By Rand Paul
Obama acts as though we no longer have a Constitution
Independent voices from the TWT Communities
The federal government is pushing back against reports that it has drones specifically designed to track firearms and cellphone signals, the latest clash of an increasingly paranoid public and an administration trying to keep its unmanned aerial systems program under wraps.
The drone industry isn't flying under the radar anymore. As industry leaders, government and military officials gather this week in Northern Virginia, the "unmanned vehicle systems" sector faces mounting questions on all sides, including privacy concerns, hostile state and local laws, and constitutional battles over the roles of drones in the modern U.S. military arsenal.
Big Brother and Big Business may soon be able to easily spy on American citizens using surveillance drones, security and civil liberties specialists warned Tuesday.
The unmanned eye in the sky now has a rule book to follow.
Look! Up in the sky! Is it a bird? Is it a plane? It's ... a drone, and it's watching you. That's what privacy advocates fear from a bill Congress passed this week to make it easier for the government to fly unmanned spy planes in U.S. airspace.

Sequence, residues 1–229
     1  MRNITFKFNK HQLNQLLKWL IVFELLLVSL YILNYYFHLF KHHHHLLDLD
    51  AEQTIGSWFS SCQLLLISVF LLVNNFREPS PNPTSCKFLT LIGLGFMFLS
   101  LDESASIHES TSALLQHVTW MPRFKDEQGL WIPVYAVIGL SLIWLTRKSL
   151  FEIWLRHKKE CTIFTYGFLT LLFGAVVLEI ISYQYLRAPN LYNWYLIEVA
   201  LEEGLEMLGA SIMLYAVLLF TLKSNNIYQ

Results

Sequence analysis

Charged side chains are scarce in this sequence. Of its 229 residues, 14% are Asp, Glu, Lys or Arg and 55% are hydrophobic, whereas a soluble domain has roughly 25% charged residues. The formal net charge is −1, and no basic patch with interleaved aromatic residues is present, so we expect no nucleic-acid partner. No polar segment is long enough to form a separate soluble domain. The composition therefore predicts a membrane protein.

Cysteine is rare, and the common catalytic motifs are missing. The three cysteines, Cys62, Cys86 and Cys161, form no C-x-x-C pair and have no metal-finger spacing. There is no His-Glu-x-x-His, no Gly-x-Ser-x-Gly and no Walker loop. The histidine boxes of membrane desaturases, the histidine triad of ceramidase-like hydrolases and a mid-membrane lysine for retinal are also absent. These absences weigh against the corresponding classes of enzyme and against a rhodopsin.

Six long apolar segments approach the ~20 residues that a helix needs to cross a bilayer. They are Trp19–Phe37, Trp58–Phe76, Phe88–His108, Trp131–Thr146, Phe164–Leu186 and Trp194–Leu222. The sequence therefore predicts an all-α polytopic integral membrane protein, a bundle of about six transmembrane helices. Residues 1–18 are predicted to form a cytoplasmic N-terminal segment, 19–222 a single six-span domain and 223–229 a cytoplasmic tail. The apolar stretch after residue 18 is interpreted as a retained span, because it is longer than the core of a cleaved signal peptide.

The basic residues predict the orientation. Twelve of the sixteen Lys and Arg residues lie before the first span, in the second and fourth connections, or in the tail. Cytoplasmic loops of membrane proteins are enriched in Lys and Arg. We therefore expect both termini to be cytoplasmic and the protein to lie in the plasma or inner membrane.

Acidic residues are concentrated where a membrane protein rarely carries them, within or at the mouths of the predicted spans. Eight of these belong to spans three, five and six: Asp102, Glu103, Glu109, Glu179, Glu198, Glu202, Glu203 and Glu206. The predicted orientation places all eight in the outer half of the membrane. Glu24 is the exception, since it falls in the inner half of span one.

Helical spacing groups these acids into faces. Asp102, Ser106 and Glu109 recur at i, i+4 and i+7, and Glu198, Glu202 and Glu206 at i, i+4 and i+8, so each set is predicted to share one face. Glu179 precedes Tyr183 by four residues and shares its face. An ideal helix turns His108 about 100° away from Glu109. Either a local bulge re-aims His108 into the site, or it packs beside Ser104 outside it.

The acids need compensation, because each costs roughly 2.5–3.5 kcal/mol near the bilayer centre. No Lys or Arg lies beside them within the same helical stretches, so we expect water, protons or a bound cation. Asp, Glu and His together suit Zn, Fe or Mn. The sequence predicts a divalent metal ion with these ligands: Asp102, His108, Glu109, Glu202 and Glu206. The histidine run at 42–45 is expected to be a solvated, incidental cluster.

"Congress can do more," said Amie Stepanovich, an attorney with the Electronic Privacy Information Center who also testified at Wednesday's hearing.
"That includes two-thirds of the population that they're saying has a decreased expectation of privacy. It includes New York City, it includes Chicago, it includes San Diego," said Amie Stepanovich, an attorney with the Electronic Privacy Information Center, which last summer filed the request for documents on Customs and Border Protection's drone program.